Earlier this spring we were fortunate to have been paid a three-hour visit by local wine writer and developer of the Winederful iPhone app, A.J. Weinzettel. A prolific writer, A.J. publishes his weekly Oregon Vino Country newsletter on Saturday mornings to an impressive and enthusiastic subscriber base. Each week, he describes his experiences and impressions of one Oregon winery he’s visited, as well as his notes on the wines he sampled.
Here’s how A.J. describes his weekly newsletter:
A couple of things you should know about the newsletter. First, I ramble a little, but in a good way. It is a long newsletter of around 1,500 – 2,000 words every Saturday morning delivered to your inbox at 6:15 am. Why 6:15? Why not? Every week, I dive into a new winery in Oregon, mainly in the valley, focusing on the winery’s people and back story. Yes, I talk a bit about wine in the newsletter, but it’s not the focus. I am a sucker for stories, and to me, wine stories are the best!
On May 15, 2021, his weekly newsletter featured us! Here are a few of the highlights from his feature…
I pull up to the parking lot of Bells Up at 10:00 am on a Friday in April. It’s sunny out, but the air holds a certain brisk chill. Dave is waiting outside, and there is a small talk outside while Sara is inside prepping the tasting. Dave took me into the building where all the wine magic happens, and you can tell he is like a little kid in a toy store showing off his toys. Please don’t misinterpret the last sentence. It is meant in the highest regard in relating to another person who has a spark in their eye filled with excitement. When I notice the spark, it is usually followed by a fire in their belly to push themself outside their comfort zone.
There was a theme I saw repeating itself through the three-hour tasting. With Dave and Sara coming from a business/accounting background, their approach to their Oregon venture is nothing short of methodical. I have zero doubts, if you were to ask them what is your ten-year plan, it is on the tip of their tongue. The fifteen-year plan might be the teeniest bit hazy, but they know beyond a shadow of a doubt where they are going. I mention this because their first vintage was in 2013. With a plot of land full of dead Christmas trees, there is no way 2013 was estate-grown grapes. Partnering with other vineyards sharing the same vision of farming to produce outstanding wines is first and foremost for Dave.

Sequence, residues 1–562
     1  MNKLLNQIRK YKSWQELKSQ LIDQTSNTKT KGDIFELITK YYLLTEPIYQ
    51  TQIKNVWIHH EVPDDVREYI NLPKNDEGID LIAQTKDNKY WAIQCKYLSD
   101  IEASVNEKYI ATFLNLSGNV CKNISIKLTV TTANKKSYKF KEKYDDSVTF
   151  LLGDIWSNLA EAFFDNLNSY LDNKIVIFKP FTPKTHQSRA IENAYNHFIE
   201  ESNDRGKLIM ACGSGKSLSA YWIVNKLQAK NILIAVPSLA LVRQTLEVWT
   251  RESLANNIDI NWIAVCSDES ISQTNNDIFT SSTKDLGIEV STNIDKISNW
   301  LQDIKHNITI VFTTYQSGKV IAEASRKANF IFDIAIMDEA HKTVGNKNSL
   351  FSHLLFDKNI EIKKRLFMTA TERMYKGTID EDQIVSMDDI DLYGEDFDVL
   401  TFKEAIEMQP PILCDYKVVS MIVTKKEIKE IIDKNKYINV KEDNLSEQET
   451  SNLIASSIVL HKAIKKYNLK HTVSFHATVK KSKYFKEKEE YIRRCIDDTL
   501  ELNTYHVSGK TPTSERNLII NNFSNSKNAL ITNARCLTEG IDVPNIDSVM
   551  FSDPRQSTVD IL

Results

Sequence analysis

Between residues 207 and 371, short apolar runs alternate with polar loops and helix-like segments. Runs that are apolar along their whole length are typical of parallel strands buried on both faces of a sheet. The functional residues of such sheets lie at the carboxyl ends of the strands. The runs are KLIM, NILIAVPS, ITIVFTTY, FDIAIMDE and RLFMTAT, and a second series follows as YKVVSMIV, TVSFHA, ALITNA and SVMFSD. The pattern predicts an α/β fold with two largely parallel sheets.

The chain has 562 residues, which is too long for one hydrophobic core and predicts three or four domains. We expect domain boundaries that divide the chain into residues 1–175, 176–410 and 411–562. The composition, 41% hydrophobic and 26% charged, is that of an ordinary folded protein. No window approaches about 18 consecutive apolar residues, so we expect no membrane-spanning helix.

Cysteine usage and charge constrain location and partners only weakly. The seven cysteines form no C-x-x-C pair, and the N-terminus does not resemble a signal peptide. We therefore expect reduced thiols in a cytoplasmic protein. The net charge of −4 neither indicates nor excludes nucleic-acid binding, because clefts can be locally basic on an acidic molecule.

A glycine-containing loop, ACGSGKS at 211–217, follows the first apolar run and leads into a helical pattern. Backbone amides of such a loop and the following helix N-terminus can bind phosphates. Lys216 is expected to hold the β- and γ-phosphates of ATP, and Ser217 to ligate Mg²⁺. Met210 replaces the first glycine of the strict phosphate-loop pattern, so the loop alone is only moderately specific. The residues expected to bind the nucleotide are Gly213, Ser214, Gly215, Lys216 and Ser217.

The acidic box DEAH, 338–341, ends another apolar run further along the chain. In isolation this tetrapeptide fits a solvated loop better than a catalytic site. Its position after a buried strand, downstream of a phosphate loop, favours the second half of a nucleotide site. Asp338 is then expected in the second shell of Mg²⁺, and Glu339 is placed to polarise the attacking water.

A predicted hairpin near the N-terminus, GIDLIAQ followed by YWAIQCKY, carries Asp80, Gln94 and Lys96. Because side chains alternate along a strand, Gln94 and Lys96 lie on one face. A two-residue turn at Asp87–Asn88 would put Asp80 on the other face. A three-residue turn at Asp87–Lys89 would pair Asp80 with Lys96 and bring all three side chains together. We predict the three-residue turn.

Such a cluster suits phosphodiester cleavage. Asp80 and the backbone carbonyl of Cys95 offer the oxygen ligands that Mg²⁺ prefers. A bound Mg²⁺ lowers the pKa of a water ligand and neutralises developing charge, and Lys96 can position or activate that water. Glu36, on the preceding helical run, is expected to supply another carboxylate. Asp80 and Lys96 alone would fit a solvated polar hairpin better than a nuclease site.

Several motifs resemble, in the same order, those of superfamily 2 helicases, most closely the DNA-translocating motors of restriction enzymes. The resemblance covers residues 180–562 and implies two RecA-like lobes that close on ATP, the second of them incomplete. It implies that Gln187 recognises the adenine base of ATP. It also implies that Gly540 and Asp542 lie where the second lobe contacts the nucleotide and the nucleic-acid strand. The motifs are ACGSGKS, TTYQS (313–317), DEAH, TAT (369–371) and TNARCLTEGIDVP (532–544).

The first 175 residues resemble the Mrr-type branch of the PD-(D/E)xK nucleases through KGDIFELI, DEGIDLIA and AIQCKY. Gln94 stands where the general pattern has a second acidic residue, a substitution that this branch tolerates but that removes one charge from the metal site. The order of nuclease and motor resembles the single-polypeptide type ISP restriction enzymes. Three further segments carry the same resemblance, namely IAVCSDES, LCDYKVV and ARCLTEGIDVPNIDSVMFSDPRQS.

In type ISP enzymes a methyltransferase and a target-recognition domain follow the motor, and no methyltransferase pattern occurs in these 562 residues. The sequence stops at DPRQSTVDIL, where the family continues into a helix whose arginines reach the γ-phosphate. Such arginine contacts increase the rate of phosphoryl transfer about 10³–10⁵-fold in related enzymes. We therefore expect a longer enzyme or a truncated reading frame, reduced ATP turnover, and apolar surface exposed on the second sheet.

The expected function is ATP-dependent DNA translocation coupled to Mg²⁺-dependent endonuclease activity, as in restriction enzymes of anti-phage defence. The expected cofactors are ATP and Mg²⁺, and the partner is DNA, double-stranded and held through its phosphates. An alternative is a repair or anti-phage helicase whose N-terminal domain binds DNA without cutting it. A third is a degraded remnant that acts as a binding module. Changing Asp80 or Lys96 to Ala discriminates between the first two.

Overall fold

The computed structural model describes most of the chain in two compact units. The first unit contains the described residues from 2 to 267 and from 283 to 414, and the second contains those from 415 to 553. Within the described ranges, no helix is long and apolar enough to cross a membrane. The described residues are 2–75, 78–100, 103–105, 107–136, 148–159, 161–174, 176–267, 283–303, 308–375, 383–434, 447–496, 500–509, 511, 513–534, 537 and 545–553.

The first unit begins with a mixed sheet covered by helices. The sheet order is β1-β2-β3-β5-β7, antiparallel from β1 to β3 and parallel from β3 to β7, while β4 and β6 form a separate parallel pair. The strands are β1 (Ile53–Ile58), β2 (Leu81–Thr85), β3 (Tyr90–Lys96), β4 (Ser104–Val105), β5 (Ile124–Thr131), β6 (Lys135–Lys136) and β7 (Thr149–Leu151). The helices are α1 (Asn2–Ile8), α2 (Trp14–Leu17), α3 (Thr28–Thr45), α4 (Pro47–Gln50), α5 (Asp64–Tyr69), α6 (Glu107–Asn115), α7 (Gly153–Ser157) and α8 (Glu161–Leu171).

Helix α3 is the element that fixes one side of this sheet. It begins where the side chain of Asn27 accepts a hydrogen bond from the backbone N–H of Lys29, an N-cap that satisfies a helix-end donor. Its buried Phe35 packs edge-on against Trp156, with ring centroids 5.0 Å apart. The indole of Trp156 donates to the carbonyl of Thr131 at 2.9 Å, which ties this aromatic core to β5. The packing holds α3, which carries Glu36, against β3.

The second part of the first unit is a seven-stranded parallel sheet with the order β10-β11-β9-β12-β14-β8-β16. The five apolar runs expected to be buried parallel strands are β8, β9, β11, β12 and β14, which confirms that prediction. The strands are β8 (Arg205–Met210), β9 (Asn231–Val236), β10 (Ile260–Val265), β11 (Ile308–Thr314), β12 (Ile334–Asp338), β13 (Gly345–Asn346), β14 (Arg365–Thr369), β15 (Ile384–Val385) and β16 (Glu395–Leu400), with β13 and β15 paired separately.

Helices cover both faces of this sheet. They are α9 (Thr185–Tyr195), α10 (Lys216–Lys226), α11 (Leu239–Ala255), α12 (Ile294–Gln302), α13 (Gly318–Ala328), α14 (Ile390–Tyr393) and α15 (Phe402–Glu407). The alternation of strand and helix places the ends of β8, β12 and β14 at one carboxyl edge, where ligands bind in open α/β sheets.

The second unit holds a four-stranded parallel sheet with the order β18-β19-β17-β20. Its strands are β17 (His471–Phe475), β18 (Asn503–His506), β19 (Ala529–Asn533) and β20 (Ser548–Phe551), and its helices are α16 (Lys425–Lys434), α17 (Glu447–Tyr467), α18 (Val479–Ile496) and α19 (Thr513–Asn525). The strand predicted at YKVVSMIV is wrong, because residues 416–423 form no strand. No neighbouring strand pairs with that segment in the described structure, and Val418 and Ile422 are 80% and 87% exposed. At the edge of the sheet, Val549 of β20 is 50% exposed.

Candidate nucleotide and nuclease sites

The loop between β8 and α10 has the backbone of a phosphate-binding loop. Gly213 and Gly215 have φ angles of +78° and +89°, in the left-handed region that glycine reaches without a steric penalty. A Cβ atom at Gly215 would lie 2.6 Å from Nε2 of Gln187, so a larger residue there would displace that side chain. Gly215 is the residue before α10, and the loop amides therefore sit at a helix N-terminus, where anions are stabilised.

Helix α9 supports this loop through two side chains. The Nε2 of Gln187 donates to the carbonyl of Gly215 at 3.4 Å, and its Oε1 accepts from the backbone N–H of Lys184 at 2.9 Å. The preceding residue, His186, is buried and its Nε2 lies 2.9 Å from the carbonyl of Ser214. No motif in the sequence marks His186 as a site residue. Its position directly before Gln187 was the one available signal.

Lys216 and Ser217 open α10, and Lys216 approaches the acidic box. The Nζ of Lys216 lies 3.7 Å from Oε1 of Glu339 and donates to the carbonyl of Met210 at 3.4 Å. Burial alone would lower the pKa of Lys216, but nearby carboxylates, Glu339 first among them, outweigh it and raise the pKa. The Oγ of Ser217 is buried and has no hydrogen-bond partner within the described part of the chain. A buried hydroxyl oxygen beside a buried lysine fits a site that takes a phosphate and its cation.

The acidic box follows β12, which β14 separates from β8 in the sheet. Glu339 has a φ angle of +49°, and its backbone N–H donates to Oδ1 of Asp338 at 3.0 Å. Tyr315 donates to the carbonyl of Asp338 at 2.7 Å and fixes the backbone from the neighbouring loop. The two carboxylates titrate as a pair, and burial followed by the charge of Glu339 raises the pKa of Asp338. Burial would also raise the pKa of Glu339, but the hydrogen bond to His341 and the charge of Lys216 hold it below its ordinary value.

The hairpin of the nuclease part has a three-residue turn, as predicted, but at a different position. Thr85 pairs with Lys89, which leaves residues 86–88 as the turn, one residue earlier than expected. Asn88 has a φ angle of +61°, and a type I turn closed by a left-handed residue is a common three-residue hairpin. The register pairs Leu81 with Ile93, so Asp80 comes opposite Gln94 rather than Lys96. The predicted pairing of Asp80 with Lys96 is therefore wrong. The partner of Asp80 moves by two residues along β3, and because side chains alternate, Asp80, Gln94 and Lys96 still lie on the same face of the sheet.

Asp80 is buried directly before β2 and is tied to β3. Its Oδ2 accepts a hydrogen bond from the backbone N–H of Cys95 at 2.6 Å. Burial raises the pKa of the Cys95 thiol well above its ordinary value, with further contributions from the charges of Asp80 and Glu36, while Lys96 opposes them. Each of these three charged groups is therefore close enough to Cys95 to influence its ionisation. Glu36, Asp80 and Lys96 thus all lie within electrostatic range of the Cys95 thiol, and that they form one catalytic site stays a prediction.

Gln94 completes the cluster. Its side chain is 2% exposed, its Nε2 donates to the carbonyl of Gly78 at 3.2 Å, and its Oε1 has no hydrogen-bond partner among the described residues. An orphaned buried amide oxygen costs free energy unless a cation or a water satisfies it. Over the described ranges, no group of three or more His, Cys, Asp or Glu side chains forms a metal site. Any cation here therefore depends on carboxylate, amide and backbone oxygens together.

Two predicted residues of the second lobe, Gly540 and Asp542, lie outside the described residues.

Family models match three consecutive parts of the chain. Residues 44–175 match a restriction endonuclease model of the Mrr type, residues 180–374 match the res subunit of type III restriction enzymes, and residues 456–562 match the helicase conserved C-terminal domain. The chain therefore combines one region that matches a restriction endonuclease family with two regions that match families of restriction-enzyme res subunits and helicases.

About the wines, A.J. writes…
My first pour was the 2020 Rhapsody Pinot Blanc. If you know me, give me Pinot Noir even on the hot days of summer, but it is nice to have some alternatives. The Pinot Blanc had a great body, acidity, and an everlasting finish reminding me of the very last note of an orchestra.
I wouldn’t consider Bells Up a cult winery, but there is a cult following for the Helios Seyval Dave produces. There are only two producers in Oregon, Bells Up being the only winery in the valley for Seyval. Somehow, Dave got this vertical from New York in 2014. Consider this your inside scoop for this wine; otherwise, it sells out before Dolly Parton’s 9 to 5 workday. The nose on this wine was a mixture of floral and fruit while my mid-palate took me back to visiting an exotic garden in Hawaii. I would love to bring this wine to a blind tasting to test the prowess of the blind panel.
The 2020 Prelude Rose of Pinot Noir is darker than most Roses. With 24 hours skin contact, the body is a bit heavier than most which I enjoy.
The first Pinot savored during lunch was the 2018 Titan Pinot. These grapes come from 10-year-old vines in the Chehalem mountains. With a combination of Pommard, Dijon Clones 115, and 777, there is a rounding out of the whole tasting experience. Immediately upon entry, the bright red fruits grab your attention. I enjoyed how the tannin structure was integrated into a significant-finish rounding out the whole experience.
Next was the 2018 Candide from the Nemarniki Vineyard the Chehalem Mountains AVA… The Candide on the nose and palate was filled with dark red fruits, of which I am a big fan. With 75% Wadenswil and 25% Pommard, there are lovely spice notes on the finish.
About the experience, A.J. notes…
I want to mention what to expect when tasting at Bells Up. There is no online ordering when you visit the website, nor is there an online reservation system. Remember earlier how I was talking about a simpler life? When you call to make a reservation or order wine, you will speak with either Dave or Sara. They have you taken care of 124.5%.
During a tasting, Dave will take care of your party, and the best part of that is you are the only party at the winery. You do not have to compete with other parties for attention. The royal red carpet treatment is rolled out just for you! The dynamic duo also has a super-secret extraordinary power, which they refused to disclose all the details of this said power. They do this thing called build a relationship with their customers and get to know them. For example, if you were to call up and say, “I have read amazing reviews, and I want to buy 20 cases of the 2019 Jupiter Estate.” If your palate matches up with the requested wine, they will gladly sell it to you, but if your palate isn’t a match, a more profound discussion is required. They will not sell you a wine they think you will not like. This speaks volumes in this day and age when a winery will turn down your business because they value the relationship over the sell.